• Capital Campaigns. This team, a coordinator and an administrative support position, creates the structure around our campaigns and helps them shift into different cities and areas at the right time. They also work on donor prospect research. This is a temporary service related to capital and program expansion, but I’d love to transition the prospect research function to a full-time position.
  • Philanthropy. Our largest team is 8 fundraisers who serve as directors of philanthropy and are responsible for major gift fundraising across our four-state affiliate. Our CEO is an honorary member of the team. Their job is to make the major gift ask, and for large commitments, I’m sometimes brought in to assist.

Q: How do you manage all those teams and fundraisers? What is your leadership style like?

A: It’s a big part of my job! I meet with my twelve direct reports either once a week or every other week, usually via phone or video call since we’re all spread out across the affiliate region. I do try to get to every community in our region at least two or three times a year so we can meet in person as well. We discuss what they’re working and how their goals and numbers are stacking up. I also encourage our teams to meet at least once a month so they work together and strategize on meeting their department goals.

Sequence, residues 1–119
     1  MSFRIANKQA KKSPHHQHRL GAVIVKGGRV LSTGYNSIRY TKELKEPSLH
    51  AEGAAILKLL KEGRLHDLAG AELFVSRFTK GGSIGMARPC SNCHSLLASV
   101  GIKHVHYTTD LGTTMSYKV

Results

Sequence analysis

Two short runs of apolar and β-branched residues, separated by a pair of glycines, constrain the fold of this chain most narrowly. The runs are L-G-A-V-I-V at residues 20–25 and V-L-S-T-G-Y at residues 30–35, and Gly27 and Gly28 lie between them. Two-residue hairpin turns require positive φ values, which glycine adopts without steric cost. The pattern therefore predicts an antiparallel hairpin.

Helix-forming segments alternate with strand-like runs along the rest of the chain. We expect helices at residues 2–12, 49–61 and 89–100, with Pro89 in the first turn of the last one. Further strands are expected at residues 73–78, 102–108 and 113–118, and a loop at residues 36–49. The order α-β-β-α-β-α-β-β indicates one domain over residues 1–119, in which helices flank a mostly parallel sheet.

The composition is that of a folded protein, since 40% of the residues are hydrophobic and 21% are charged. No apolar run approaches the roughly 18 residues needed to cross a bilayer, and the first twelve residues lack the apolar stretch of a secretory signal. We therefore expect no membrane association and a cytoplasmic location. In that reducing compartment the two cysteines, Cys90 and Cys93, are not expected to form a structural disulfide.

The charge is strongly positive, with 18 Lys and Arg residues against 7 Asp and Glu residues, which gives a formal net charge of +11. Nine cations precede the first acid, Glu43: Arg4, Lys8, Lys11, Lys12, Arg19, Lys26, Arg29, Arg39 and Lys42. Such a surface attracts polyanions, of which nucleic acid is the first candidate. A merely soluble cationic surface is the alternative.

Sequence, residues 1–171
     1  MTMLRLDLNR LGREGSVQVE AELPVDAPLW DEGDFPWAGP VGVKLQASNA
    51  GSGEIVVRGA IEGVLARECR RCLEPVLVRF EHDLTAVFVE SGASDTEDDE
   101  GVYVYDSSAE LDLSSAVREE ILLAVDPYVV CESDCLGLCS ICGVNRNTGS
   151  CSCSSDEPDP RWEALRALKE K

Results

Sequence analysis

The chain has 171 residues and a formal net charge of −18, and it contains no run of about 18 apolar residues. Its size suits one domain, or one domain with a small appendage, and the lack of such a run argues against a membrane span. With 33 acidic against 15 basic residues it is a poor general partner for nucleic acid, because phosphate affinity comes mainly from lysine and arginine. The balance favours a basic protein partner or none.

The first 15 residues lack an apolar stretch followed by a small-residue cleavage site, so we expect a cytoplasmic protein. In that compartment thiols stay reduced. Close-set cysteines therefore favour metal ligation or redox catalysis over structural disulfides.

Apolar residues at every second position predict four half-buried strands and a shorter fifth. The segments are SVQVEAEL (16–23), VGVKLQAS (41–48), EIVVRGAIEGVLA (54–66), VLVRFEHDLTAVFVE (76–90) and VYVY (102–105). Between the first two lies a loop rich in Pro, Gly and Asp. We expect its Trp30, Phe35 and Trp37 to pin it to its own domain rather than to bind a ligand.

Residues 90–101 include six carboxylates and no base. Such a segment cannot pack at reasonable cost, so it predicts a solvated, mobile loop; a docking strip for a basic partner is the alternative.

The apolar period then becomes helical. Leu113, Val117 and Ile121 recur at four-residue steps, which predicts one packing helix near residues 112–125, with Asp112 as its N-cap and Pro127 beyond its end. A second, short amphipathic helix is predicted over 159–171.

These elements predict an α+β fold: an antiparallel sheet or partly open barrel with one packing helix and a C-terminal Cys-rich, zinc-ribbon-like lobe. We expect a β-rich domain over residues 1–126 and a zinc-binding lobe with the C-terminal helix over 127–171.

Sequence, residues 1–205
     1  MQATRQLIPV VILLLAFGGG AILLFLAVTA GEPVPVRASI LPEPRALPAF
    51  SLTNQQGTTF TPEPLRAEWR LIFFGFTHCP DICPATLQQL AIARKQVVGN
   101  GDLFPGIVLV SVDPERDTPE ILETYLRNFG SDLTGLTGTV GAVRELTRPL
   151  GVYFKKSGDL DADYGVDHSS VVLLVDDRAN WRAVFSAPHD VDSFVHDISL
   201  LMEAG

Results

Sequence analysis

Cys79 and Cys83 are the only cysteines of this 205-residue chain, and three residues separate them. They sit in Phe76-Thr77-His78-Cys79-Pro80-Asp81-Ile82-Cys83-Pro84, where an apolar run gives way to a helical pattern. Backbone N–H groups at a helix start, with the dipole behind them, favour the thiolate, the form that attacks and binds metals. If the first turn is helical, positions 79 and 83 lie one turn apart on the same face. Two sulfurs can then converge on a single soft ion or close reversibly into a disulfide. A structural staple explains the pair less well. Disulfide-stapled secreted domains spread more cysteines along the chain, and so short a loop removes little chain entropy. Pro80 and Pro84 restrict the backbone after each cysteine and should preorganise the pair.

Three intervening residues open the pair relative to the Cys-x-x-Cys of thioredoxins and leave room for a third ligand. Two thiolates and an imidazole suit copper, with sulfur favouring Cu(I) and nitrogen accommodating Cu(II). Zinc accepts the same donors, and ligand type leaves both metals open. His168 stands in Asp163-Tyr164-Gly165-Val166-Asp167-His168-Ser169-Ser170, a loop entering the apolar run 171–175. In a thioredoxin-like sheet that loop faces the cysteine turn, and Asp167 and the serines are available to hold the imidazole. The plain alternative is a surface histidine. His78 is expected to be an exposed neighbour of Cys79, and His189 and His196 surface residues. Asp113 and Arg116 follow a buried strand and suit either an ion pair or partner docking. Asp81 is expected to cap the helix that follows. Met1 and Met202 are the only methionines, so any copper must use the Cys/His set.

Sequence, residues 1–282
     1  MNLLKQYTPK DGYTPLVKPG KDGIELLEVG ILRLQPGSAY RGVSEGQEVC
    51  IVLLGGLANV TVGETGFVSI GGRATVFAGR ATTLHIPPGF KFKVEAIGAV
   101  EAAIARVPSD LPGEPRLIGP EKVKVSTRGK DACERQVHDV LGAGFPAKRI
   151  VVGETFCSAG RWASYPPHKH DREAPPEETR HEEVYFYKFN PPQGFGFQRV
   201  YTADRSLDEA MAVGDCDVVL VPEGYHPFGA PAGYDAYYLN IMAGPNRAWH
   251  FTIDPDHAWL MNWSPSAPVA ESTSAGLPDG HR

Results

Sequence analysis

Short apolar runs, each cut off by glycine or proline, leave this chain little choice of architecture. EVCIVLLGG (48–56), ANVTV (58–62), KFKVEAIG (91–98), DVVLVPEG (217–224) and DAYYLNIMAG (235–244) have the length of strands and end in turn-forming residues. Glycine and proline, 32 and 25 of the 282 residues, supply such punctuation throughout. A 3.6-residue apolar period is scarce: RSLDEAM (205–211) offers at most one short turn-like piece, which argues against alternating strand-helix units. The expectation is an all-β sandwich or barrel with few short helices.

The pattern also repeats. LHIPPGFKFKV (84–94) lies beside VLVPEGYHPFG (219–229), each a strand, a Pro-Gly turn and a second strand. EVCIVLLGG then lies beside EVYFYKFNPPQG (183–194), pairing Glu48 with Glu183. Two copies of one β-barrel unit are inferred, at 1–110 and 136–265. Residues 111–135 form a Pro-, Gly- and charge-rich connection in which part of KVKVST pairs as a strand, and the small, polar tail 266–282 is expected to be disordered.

Once a month, I facilitate a two-hour meeting of the entire fundraising program, which is a good opportunity to talk about bigger, strategic challenges and see how we can help each other. This year, we’ve also instituted a Tuesday Morning Huddle, which takes place, as you might guess, every Tuesday morning. It’s a quick check-in—I try to keep it to 15 minutes—to see if there are any major changes, news stories, or incidents—internationally, nationally or locally—that might affect us.

Q: That’s a lot of meetings!

A: It definitely is, but as much as we all like to deride meetings, they can be critical if you use them right. For me, it’s about two things. One is asking questions, especially in my smaller, one-on-one meetings. I’m pretty good at reading people, even over the phone, but it’s all about listening. Our check-ins are their time to talk to me and for me to hear what they’re facing, what they’ve accomplished and what they need.